Seven Republican presidential hopefuls have another debate in New Hampshire Saturday night, less than three days before the northeastern U.S. state’s primary election, when voters will deliver a verdict that could cut short several candidates’ campaigns.
Billionaire real estate tycoon Donald Trump skipped a debate last week in a dispute with the television network handling the broadcast. His tactics were widely criticized, but it is not clear whether his standing among voters has weakened.
Trump also is taking the stage Saturday night somewhat chastened by his second-place finish in Iowa’s voter caucuses on February 1 — a measure of gauging voter sentiment about presidential candidates that is similar to, but more complicated than primary elections.
Republican presidential candidate Donald Trump, left, pumps his fist as supporters cheer in Little Rock, Ark., while rival candidate Senator Ted Cruz speaks at a town hall campaign event in Henniker, N.H., Feb. 3, 2016.
Texas Senator Ted Cruz won the Iowa caucus, with Trump finishing in second place, barely ahead of Florida Senator Marco Rubio, the youngest candidate in the Republican field. Trump, Cruz and Rubio all are competing for votes from the most conservative factions of the Republican Party, but Rubio’s popularity has risen sharply this month, and his debate performances will be closely watched.
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Other Republicans on the debate stage are three present or former state governors — John Kasich of Ohio, Chris Christie of New Jersey and Florida’s Jeb Bush, who is the son and brother of two former presidents — along with retired neurosurgeon Ben Carson.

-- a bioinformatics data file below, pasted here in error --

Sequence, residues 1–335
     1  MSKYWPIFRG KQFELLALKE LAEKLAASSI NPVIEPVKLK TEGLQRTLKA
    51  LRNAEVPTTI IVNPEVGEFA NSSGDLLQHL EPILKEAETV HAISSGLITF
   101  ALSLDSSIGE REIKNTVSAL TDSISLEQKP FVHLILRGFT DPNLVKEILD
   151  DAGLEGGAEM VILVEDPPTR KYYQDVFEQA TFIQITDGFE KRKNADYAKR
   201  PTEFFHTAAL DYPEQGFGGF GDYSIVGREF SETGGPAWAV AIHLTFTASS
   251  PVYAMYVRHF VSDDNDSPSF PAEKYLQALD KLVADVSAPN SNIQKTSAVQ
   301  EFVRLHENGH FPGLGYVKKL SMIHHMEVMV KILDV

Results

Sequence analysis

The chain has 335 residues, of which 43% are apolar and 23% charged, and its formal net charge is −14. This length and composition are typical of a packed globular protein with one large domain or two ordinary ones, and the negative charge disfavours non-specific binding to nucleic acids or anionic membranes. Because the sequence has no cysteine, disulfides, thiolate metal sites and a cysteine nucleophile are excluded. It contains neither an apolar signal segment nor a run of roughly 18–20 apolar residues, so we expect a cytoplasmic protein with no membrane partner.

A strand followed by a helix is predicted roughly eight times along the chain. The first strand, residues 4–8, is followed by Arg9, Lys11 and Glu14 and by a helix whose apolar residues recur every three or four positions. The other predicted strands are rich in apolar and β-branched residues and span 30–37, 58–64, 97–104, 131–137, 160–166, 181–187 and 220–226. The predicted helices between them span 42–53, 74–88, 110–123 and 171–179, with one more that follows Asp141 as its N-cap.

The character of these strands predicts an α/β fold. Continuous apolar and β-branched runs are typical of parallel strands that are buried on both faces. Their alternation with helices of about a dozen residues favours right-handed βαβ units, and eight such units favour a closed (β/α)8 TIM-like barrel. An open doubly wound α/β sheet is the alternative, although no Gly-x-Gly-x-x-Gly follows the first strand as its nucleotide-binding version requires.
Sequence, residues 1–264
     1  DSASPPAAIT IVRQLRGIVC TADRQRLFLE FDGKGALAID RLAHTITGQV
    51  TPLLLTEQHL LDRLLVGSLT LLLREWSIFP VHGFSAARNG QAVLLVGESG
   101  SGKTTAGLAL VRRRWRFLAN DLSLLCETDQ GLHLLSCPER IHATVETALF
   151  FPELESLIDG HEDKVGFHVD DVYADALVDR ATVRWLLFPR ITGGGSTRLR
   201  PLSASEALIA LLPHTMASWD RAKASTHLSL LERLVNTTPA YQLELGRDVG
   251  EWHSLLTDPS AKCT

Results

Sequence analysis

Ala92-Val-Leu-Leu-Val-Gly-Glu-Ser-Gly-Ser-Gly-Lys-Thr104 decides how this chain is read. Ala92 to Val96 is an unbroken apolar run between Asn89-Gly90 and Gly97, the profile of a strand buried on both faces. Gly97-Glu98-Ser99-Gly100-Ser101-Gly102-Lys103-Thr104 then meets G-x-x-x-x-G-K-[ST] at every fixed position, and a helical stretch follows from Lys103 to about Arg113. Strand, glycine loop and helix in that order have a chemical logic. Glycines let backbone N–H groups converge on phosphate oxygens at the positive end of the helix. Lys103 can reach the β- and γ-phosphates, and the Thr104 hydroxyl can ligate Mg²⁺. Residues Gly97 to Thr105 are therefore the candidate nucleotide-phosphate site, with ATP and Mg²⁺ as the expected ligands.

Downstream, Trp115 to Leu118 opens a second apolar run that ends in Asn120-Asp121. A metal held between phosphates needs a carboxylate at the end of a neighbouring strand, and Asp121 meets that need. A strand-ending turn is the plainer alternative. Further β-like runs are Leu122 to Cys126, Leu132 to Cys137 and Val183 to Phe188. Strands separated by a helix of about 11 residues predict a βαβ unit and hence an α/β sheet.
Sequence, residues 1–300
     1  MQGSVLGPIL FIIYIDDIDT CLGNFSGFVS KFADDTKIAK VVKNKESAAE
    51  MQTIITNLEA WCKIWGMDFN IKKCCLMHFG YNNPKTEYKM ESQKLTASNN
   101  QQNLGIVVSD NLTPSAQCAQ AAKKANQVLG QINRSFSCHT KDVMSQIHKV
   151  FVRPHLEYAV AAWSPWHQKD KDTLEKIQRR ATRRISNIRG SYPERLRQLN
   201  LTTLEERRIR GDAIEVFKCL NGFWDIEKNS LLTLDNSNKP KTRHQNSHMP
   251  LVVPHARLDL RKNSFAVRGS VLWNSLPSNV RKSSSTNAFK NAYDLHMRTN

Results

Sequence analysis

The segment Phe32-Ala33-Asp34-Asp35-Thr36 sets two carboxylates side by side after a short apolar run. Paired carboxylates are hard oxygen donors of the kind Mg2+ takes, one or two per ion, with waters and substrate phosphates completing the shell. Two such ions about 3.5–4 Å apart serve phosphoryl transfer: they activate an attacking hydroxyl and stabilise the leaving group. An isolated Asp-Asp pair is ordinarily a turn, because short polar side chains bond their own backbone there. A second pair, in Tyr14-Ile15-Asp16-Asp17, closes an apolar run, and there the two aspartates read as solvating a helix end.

New Jersey Gov. Chris Christie, a Republican presidential candidate, speaks at a town hall-style campaign stop at the Strafford Farms Restaurant in Dover, N.H., Feb. 5, 2016.
Former corporate executive Carly Fiorina was excluded from the main debate because her standing in opinion polls is too low, in the judgment of debate organizers. She has protested this is unfair, but it is unlikely the television network organizing the debate will revise its plans.
The race for the Democratic presidential nomination also is on the ballot in New Hampshire on Tuesday, but the two main candidates — former Secretary of State Hillary Clinton and Vermont Senator Bernie Sanders — have no more face-to-face meetings on the last weekend before the primary.
Democratic presidential candidate Senator Bernie Sanders listens to a point made by rival candidate Hillary Clinton during a presidential primary debate hosted by MSNBC in Durham, N.H., Feb. 4, 2016.
Clinton won the Iowa caucuses by an extremely narrow margin over Sanders, but the liberal senator who describes his politics as “democratic socialist” has a huge lead heading into the next vote.
Sanders, who represents the neighboring state of Vermont, has been up to 20 percentage points ahead of Clinton, according to public opinion surveys.
Saturday’s debate is already the 12th direct meeting of the main candidates for the Republican presidential nomination — eight debates and four “forums,” which have a slightly different format — since last year. More confrontations among the candidates lie ahead before the two main parties’ conventions, still five months away, and the final round of campaigning before the general election in November.
The winner in November will succeed President Barack Obama and become the 45th elected president of the United States in January 2017.